John Maynard Keynes once remarked that statesmen, for all their surface practicality, were generally slaves to some defunct economist. He became the greatest slavemaster of them all.
Before the end of World War II, American presidents and their Treasury secretaries generally delivered budget surpluses except in times of war or economic depression. The discipline of the international gold standard and an unfavorable balance of payments required nothing less. The public debt grew gradually but did so apace with the growth of a wealthy and expanding nation.
World War I reversed the balance of payments situation, making the U.S. a net creditor. During the prosperous Roaring Twenties Presidents Harding and Coolidge actually reduced the national debt by about one-third. The Great Depression of the 1930s, however, all but required sharply unbalanced budgets, whether from Herbert Hoover or Franklin Roosevelt.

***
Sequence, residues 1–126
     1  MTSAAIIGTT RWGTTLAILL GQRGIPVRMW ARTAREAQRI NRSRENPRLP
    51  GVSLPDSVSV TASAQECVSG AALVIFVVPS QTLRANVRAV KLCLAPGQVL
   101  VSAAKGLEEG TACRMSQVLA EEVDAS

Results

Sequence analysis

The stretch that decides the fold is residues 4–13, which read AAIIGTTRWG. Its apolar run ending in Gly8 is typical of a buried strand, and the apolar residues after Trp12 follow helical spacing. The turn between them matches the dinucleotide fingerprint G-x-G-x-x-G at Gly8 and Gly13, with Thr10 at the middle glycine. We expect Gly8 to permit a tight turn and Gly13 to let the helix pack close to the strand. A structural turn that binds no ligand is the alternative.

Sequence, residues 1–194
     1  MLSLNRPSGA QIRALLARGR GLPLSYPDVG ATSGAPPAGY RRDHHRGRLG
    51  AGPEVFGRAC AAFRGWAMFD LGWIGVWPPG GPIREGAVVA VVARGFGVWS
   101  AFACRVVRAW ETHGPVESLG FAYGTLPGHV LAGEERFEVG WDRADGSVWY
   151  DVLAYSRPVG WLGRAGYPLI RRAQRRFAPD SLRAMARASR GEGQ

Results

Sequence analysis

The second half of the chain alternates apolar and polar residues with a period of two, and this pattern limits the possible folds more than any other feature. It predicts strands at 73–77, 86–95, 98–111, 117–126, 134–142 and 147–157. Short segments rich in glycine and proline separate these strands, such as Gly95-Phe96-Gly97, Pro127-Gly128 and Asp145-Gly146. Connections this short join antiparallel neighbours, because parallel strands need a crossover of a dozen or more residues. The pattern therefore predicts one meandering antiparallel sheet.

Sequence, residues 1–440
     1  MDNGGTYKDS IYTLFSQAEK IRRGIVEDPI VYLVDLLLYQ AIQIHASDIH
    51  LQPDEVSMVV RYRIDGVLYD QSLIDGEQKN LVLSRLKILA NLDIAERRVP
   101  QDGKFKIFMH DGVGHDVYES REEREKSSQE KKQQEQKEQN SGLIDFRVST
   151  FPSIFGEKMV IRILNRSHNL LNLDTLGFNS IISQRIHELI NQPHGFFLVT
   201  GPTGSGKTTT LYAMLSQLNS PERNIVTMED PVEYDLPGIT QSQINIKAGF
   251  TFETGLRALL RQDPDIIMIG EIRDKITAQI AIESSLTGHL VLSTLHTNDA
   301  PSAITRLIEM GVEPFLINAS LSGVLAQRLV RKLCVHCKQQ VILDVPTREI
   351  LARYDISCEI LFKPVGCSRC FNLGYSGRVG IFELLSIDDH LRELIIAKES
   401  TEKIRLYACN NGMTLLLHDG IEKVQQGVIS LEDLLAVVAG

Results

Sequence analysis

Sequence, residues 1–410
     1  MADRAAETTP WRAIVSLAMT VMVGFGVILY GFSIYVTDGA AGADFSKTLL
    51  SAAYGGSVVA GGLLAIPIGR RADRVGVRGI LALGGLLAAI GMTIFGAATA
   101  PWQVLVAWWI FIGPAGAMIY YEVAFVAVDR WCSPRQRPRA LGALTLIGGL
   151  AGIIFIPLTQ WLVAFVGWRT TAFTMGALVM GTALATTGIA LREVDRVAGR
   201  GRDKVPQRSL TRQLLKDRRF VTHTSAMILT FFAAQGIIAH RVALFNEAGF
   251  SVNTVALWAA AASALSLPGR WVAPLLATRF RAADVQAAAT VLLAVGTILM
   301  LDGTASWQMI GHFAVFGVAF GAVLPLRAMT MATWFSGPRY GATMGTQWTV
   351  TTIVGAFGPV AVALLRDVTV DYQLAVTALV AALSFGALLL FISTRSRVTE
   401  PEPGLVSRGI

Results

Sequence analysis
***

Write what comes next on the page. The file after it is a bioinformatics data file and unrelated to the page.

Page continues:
The economic dominance of the United States at least permitted monetary tinkering (including a 60 percent devaluation of the dollar in terms of gold) that would have been severe in most other nations. World War II forced huge deficit spending, financed almost entirely by bond issues sold to American citizens and corporations. Its end brought victory and unparalleled prosperity. By then, Keynes was achieving a position of dominance among academic economists, increasing numbers of whom were liberal in their politics and culturally prone to reject the pleasure/pain principle that had dominated their profession.